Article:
Piano virtuoso Lang Lang is celebrating 100 years of The Walt Disney Company with the best way he knows how: the release of The Disney Book. He debuts the adapted collection of songs on Sept. 16, offering Disney’s worldwide fanship a classical take on longtime beloved songs, like “You’ll Be in my Heart” from Tarzan; “Reflection” from Mulan and “Life is a Highway” from Cars, among others.
To kick off the album’s release, Lang Lang will grace The Hollywood Bowl on Sept. 15 for a special Disney-filled night. Ahead of the show, he opened up about the impact of animation on his childhood, finding the right artists to collaborate with and why The Disney Book brings the 100-year anniversary full circle.
First and foremost, how did The Disney Book get started?
Animation played a big role in my childhood. This is something I always wanted to share with classical music lovers and nonclassical music fans. And this is a perfect way to show how beautiful classical piano can be from the really incredible arrangements.
All those animation movies taught me so much about life. And also, all those characters represented a certain volume and a certain melody. So when I play piano, I feel different characters grow under my fingers. I think I'm drawing a picture of a cat. I'm drawing a picture of a mouse. I'm drawing a picture of a dog. So in a way, all those different melodies inspired me to play. Piano became a way of telling the story.
First, we were just recording my favorite Disney songs… After 80% of the work was done, we shared the track to Disney and they heard it and they really liked it very much and they said they would like to support me and to be part of this wonderful project. And they even let us use the Disney castle in Anaheim to record.
It's really great to have Disney on board. It's absolutely a dream come true moment to have the best of the Disney melodies from a long time ago— from Three Little Pigs to the most current one, Encanto, “We Don't Talk About Bruno.”
You also have a number of featured artists on The Disney Book, like Andrea Bocelli and Jon Batiste. How did those collaborations come about?
My new friend Jon Batiste, who's an incredible musician and a great jazz player, we met five years ago and we were trying something where we were trying to improvise on top of each other. And then, two years later, he released the most amazing movie soundtrack, Soul. This is one of the best soundtracks ever, this New Orleans jazz style. And so I invited him and I said, “Would you mind if I'm playing more of the basic classical jazz style, but could you play on top of me to play the New Orleans jazz style and also you can sing with it?” And he said, “That's a good idea. Let's try it.” So that's the version I recorded in London with the Royal Philharmonic, and then Jon Batiste is playing his version on top of what I did. And this was something quite unique. This reminds me of my past experience of working with the legendary Herbie Hancock.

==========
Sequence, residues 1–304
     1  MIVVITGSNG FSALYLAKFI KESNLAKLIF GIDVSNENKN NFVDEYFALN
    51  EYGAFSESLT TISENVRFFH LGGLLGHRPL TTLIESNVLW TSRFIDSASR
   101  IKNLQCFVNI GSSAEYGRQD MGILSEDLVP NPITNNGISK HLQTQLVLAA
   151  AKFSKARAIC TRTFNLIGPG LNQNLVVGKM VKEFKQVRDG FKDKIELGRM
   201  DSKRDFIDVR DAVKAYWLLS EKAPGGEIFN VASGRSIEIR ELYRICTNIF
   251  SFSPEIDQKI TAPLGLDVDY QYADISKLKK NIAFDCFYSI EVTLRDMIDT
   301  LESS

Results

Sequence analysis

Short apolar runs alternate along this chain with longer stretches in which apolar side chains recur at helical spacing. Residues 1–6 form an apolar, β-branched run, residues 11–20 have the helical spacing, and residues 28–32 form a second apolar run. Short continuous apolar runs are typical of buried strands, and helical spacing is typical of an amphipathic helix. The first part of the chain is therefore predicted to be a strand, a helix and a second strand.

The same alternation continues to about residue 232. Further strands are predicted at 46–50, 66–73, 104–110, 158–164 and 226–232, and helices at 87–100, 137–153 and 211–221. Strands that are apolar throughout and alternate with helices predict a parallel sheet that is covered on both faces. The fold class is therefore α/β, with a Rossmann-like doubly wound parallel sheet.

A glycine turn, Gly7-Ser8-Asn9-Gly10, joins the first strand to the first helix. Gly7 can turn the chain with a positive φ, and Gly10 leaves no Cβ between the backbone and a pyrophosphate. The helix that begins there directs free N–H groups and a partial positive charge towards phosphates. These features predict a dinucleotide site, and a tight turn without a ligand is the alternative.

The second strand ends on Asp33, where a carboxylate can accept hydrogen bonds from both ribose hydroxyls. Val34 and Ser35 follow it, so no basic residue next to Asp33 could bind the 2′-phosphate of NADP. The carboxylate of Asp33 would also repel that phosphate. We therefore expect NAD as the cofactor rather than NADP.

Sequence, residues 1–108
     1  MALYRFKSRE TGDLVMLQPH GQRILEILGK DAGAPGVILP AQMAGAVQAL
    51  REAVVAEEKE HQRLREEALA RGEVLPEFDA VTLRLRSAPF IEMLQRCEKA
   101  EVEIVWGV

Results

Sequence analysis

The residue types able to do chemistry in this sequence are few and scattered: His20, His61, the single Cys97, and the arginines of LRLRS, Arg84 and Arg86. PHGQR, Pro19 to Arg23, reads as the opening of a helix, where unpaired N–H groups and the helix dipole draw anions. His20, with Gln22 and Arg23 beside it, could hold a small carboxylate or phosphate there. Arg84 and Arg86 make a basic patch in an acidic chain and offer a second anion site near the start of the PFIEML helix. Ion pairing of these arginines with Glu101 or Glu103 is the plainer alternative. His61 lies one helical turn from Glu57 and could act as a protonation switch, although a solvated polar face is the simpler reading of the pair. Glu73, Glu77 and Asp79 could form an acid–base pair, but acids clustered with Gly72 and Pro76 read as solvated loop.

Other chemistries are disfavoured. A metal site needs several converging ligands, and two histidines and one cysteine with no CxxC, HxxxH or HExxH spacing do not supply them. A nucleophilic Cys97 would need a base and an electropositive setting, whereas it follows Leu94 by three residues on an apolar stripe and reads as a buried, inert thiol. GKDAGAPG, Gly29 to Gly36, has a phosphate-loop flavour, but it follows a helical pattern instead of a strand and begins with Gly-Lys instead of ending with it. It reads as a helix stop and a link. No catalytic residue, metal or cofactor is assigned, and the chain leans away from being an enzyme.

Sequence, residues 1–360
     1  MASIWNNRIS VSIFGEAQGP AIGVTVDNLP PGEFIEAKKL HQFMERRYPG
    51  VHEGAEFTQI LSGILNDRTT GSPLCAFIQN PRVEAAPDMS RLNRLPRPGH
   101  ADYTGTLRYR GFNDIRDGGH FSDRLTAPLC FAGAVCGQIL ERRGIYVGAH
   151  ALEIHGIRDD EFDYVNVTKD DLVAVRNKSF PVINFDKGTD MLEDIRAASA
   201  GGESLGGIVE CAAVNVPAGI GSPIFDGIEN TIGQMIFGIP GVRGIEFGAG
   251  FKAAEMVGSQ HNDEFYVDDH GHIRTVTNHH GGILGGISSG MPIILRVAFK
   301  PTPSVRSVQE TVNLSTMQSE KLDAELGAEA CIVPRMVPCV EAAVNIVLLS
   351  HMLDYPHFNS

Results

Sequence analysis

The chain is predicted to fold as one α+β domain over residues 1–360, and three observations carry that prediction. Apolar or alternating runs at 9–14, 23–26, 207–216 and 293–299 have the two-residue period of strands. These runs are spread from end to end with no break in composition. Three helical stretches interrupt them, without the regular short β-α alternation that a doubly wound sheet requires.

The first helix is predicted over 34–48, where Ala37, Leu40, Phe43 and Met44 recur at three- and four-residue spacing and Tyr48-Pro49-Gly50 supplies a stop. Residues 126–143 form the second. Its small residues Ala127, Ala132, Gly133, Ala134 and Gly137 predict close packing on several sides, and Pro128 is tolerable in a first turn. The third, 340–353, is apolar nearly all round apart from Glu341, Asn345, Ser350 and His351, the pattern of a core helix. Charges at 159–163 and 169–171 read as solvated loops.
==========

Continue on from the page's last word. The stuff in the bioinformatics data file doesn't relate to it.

And we [also] approached Sebastián Yatra. We said, “I know you normally sing this with a band, but would you mind trying another version with pure piano? Nothing else. Just piano.” And he's like, “OK, this is quite interesting for me.” For him, he already recorded [“Dos Oruguitas”]. He doesn't need to do one more track, but he thought this will be interesting to see the varieties of sound and piano and what chemistry will come.
Why is celebrating Disney’s music a powerful way to honor The Walt Disney Company’s centennial anniversary?
Show me a person who's not influenced by the Disney films! Not even one person around the world. To be a part of this is a great privilege. It’s also interesting because Disney started with classical music.
This brings back the classical music connection, like Fantasia for example. So for me, it is a great privilege, but also I think it's good to remind the new generation that Disney always supported classical music.
What experience do you hope listeners have when playing The Disney Book?
It's an emotional journey. From Beauty and Beast to The Jungle Book, I hope that this will give you time travel to your childhood from where you are now. And then for the younger generation, I hope this will be a new door-opening experience for them to be connected to the world. Another thing about The Disney Book is there's so many different cultures: you have Mexican culture, you have Latino American culture, you have German culture, you have French culture. And of course, you have a lot of fairytales from America, from the Middle East, from China. So in a way, we are learning about the whole world through Disney music and Disney films.
This interview has been edited for length and clarity.
Photography by: Photo by Simon Webb